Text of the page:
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Liver function

Liver function factsheet

Liver disease is estimated to affect 6% of the global population (approx. 29 million people) and is reported to be the 14th most prevalent cancer and 5th biggest killer in Europe.  
November 11, 2019

Types of liver disease

There are several different categories of liver disease:

  • Liver cancer
  • Alcohol-related liver disease
  • Infective damage, such as Hepatitis A, B, C, D and E
  • Diseases of the bile ducts
  • Fatty liver disease, non-alcoholic fatty liver disease, and non-alcoholic steatohepatitis
  • Hereditary disorders, such as haemochromatosis

Liver disease – a significant health issue

  • Liver disease is estimated to affect 6% of the EU’s population (approx. 29 million people) and is reported to be the EU’s 5th biggest killer1
  • Liver cancer is the 5th most common cause of cancer-related deaths globally and the 14th most prevalent in Europe2. It accounts for 5.4%, or 695,000 deaths worldwide (47,000 deaths in Europe)3. Liver cancer is the leading cause of death amongst patients with liver cirrhosis4
  • It is estimated that over 10 million people in Europe are affected by Hepatitis1
  • 600,000 die of the acute or chronic consequences of Hepatitis B every year5
  • The World Health Organization (WHO) estimates that there are about 4 million carriers of Hepatitis C in Europe alone6

Coffee consumption and liver function

  • Drinking moderate amounts of coffee may help to reduce the risk of liver cancer, and the risk of developing liver cancer falls as coffee consumption rises7-9.
  • Moderate coffee consumption may also be related to a slower progression of liver disease. Patients with a higher coffee consumption have been found to display a milder course of fibrosis, especially in alcoholic liver disease10-11
  • The association between moderate coffee consumption and a slower rate of fibrosis has also been seen in patients with hepatic fibrosis12, cirrhosis13, non-alcoholic liver disease14-18 and Hepatitis C19-21
  • It is not yet clear whether, and to what extent, caffeine may be responsible for the reduction in risk of developing these diseases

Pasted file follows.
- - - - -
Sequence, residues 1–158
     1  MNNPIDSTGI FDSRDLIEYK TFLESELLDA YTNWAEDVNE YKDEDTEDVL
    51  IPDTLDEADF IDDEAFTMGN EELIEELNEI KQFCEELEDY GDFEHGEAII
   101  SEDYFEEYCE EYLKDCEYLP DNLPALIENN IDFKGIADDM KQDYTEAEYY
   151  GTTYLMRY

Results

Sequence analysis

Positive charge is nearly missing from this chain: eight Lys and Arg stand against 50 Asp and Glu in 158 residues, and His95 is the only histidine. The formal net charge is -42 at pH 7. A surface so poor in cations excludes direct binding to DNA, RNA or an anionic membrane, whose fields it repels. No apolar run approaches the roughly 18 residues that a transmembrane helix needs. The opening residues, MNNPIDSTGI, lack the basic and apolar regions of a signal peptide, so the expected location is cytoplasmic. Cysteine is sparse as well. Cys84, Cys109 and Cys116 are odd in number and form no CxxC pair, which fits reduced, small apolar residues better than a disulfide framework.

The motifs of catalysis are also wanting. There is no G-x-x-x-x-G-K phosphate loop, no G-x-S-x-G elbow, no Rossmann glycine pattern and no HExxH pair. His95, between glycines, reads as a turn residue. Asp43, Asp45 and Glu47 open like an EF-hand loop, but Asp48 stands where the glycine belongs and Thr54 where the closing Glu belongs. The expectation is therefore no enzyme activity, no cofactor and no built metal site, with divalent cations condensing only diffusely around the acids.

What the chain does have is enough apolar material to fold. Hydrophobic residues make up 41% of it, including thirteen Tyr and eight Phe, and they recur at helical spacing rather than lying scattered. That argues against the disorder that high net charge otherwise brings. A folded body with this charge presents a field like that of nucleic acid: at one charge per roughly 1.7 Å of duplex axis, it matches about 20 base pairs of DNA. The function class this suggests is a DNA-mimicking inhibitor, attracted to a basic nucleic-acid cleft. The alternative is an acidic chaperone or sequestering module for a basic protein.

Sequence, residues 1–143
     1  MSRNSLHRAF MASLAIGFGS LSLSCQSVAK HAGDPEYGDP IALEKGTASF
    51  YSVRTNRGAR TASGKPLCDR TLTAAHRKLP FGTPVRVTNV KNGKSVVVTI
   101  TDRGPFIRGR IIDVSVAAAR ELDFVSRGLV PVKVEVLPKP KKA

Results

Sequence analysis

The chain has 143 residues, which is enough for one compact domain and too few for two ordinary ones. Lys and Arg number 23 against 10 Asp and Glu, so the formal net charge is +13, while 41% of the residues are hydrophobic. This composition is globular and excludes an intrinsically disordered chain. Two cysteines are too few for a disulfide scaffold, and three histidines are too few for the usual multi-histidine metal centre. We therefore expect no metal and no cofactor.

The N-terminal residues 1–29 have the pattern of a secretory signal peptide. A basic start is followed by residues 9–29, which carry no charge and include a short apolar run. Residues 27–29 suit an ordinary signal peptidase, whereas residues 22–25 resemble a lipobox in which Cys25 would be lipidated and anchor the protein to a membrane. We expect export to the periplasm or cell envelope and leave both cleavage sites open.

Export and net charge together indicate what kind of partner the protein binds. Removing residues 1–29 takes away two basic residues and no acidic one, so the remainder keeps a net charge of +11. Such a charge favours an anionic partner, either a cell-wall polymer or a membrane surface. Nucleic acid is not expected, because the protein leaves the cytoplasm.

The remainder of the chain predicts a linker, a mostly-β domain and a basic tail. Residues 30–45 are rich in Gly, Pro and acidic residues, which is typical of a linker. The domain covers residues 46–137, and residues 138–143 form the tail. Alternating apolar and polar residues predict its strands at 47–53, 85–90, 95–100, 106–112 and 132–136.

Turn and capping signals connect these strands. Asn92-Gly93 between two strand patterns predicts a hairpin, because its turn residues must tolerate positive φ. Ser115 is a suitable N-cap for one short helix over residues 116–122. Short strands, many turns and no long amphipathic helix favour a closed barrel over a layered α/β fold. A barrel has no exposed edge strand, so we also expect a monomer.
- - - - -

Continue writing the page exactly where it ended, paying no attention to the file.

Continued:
• Several different coffee components are being investigated. Kahweol and cafestol, naturally-occurring compounds in coffee, are being studied for their anti-carcinogenic effects22, while the anti-viral properties of chlorogenic and caffeic acids are also under investigation23


  1. The European Liver Patients Association (April 2005).
  2. Ferlay J, et al. (2010). Estimates of cancer incidence and mortality in Europe in 2008. Eur J Cancer. 46(4):765-81.
  3. European Association for the Study of the Liver. Available at:
  4. Sangiovanni A, et al. (2004). Increased survival of cirrhotic patients with a hepatocellular carcinoma detected during surveillance. Gastroenterology. 126(4): 1005-14.
  5. World Health Organisation (WHO). (2008). ‘WHO Fact Sheet No. 204, Hepatitis B’. Available at:
  6. World Health Organisation (WHO). (2010). ‘WHO Fact Sheet No. 164, Hepatitis C’. Available at:
  7. Bravi F. et al. (2007). Coffee drinking and hepatocellular carcinoma risk: a meta-analysis. Hepatology.46:430-5.
  8. Larsson S.C. et al. (2007). Coffee consumption and liver cancer: a meta-analysis. Gastroenterology, 132:1740-1745.
  9. Bravi F. et al. (2013). Coffee reduces risk for hepatocellular carcinoma: An updated meta-analysis. Clinical Gastroenterology and Hepatology. (11):1413-21.
  10. Gressner OA. (2009). About coffee, cappuccino and connective tissue growth factor – or how to protect your liver!? Environmental Toxicology and Pharmacology. 28(1):1-10.
  11. Saab S, et al. (2013) Impact of coffee on liver disease a systematic review. Liver International. 34(4):495-504.
  12. Modi AA, et al. (2010). Increased caffeine consumption is associated with reduced hepatic fibrosis. Hepatology. 51:201-9.
  13. Stroffolini T,. et al. (2010). Interaction of alcohol intake and co-factors on the risk of cirrhosis. Liver International. 30(6): 867-70.
  14. Catalano D, et al. (2010). Protective role of coffee on non-alcoholic fatty liver disease (NAFLD). Digestive Disease and Sciences. 55(11): 3200-06.
  15. Birerdinc A, et al. (2012). Caffeine is protective in patients with non-alcoholic fatty liver disease. Alimentary Pharmacology & Therapeutics. 35(1):76-82.
  16. Molloy JW, et al. (2012). Association of coffee and caffeine consumption with fatty liver disease, non-alcoholic steatohepatitis, and degree of hepatic fibrosis. Hepatology. 55(2):429-36.
  17. Gutierrez-Grobe Y, et al. (2012). High coffee intake is associated with lower grade non-alcoholic fatty liver disease: the role of peripheral antioxidant activity. Annals of Hepatology. V11(3):350-5.
  18. Bambha K, et al. (2014). Nonalcoholic Steatohepatitis Clinical Research Network (NASH CRN). Coffee consumption in NAFLD patients with lower insulin resistance is associated with lower risk of severe fibrosis. Liver Int. 34(8):1250-8.
  19. Freedman ND, et al. (2009). HALT-C Trial Group. Coffee intake is associated with lower rates of liver disease progression in chronic hepatitis C. Hepatology. 50(5):1360-9.
  20. Costentin CE, et al. (2011). Association of caffeine intake and histological features of chronic hepatitis C. Journal of Hepatology, Volume 54: 1123-9.
  21. Goh GB, et al. (2014) Coffee, alcohol, and other beverages in relation to cirrhosis mortality: the Singapore Chinese Health Study. Hepatology. 60(2):661–9.
  22. Muriel P, et al. (2010). Coffee and liver disease. Fitoterapia, 81:297-305.
  23. Wang GW, et al. (2009). Anti-hepatitis B virus activity of chlorogenic acid, quinic acid and caffeic acid in vivo and in vitro. Antiviral Research. 83(2):186-90.